There is an easy way to avoid the problem of historical magic.
I said making it our world but magic the whole time is basically impossible. The closest you can get would be having people know there’s magic and it just ended up in a very similar place as our world at this point in time – Sunshine did that, and while there still ended up being a lot of secondary plotholes spawned from it, it worked pretty well overall. But this creates a tissue-paper world, because the moment you start trying to explain how you got to this point, it gets complicated or you realize that there’s just no decent handwave for why we aren’t currently chattel owned either by the fairies or vampires. Plus, if established magic, it’s hard to make your character special.
This story is built around the idea that the modern technological world is opening up contact with the magical one, and Harry is the first openly magic practitioner. That means magic needs to have started mattering recently, because societies generally don’t decide to just ignore the things murdering them.
No one’s sure what exactly determines magic – alignment of the stars, fluctuating levels of aether passing through the planet, a giant dragon that lives in the center of the earth – but for whatever reason, it comes and goes, and it doesn’t even have the decency to taper off gently. At some point, the magic polarity flips and BAM MAGIC.
During the no-magic periods, magical creatures like vampires are completely inactive. I’d go with them just being regular moldering corpses (ooh, plot point – you know how sometimes they fail to move the cemeteries when they flood a place? There’s now a bunch of ancient vampires who came back long after that happened and are now trapped beneath the water rapidly going mad from starvation. You could try to rescue them, or you could leave the damn bloodsuckers – but then you’d better oppose the environmentalists two years later who want to tear down the outdated dam and let the salmon use the river again before their tree-hugging KILLS US ALL!) but apparently whatever the hell the Nevernever is, they hang out there. So, there’s a magic world too, and while no one’s sure if it’s cause or effect, during times of high magic the barrier between the two is almost nonexistent.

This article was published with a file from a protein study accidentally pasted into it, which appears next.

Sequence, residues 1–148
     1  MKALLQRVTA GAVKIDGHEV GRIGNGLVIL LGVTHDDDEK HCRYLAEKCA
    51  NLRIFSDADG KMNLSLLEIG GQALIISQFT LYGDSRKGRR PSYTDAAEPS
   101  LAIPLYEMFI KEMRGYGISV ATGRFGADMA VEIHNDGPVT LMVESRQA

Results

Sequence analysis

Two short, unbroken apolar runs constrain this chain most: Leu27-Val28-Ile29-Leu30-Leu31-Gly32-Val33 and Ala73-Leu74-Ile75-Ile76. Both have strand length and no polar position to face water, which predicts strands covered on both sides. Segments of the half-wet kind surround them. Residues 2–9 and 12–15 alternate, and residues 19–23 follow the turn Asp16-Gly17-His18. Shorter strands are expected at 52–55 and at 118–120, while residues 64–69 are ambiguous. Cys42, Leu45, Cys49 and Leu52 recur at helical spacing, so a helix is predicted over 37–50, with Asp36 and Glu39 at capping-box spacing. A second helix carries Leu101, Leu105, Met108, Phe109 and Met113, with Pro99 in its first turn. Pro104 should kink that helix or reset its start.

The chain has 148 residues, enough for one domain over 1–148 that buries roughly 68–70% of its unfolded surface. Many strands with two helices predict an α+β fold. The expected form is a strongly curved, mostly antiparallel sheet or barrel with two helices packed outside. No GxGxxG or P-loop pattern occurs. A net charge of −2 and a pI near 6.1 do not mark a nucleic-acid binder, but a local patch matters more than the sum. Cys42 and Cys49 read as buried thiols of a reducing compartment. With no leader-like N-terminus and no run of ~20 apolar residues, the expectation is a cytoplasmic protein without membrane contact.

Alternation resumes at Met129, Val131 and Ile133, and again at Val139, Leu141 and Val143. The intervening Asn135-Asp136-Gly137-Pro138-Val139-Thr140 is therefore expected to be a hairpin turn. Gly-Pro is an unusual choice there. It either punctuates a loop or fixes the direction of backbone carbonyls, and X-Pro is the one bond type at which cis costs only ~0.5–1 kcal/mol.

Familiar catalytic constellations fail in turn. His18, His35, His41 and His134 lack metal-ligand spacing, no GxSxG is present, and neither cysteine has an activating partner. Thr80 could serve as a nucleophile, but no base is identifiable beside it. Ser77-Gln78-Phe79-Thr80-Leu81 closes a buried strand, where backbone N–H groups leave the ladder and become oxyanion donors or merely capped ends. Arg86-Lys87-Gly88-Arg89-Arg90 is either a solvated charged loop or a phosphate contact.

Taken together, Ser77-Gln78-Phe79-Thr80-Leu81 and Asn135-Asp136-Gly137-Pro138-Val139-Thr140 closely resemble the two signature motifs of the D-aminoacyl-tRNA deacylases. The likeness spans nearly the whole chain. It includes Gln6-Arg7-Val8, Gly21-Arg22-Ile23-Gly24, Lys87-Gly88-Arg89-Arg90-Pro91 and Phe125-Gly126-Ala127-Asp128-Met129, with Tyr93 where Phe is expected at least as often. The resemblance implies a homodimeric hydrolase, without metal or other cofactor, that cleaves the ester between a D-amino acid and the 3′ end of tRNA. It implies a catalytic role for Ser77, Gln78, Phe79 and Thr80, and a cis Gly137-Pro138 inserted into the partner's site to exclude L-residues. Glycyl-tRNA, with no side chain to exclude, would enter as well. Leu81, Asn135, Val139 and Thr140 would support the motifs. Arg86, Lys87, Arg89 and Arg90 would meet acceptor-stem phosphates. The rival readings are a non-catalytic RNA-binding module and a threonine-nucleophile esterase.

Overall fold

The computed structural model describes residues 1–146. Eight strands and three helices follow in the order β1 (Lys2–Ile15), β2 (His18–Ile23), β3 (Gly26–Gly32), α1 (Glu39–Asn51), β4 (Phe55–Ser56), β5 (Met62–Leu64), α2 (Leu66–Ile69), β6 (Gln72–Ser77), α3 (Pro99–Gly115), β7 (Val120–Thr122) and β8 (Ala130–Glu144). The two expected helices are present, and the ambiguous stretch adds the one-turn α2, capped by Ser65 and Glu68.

This is why people forget about magical creatures – for generations, they actually are just stories. And because they’re just stories, each area’s stories end up changing in different directions, which is why actual vampires are different in such and such a way.
Now, magic survives even in the low-magic periods. There’s still one or two places left fairies can pop in on a full moon every thirteen years, vampires manage to slither in now and again, and wizards can still do some minor magics with a lot of prep work, a group, and maybe a few virgin sacrifices. And from there comes the culture of secrecy, as well as why magic doesn’t seem too advanced – each transition from high to low magic involves a lot of torches and pitchforks. (It’s also why wizards don’t immediately take over the world when the magic turns back on. They need a while to build their power and numbers up again, and get a handle on how magic works now that it’s at full power.)
But, and here’s the fun thing, wizard power is special, because they’re magic users who are otherwise native to the mundane world. It isn’t determined just by what state the worldwide polarity is set to. The reason Harry is a big deal is he’s a young wizard, one born after the magic had kicked in again. The older wizards have gotten a big boost by magic working again, but Harry and any other newbie wizards will be able to outclass them with minimal training.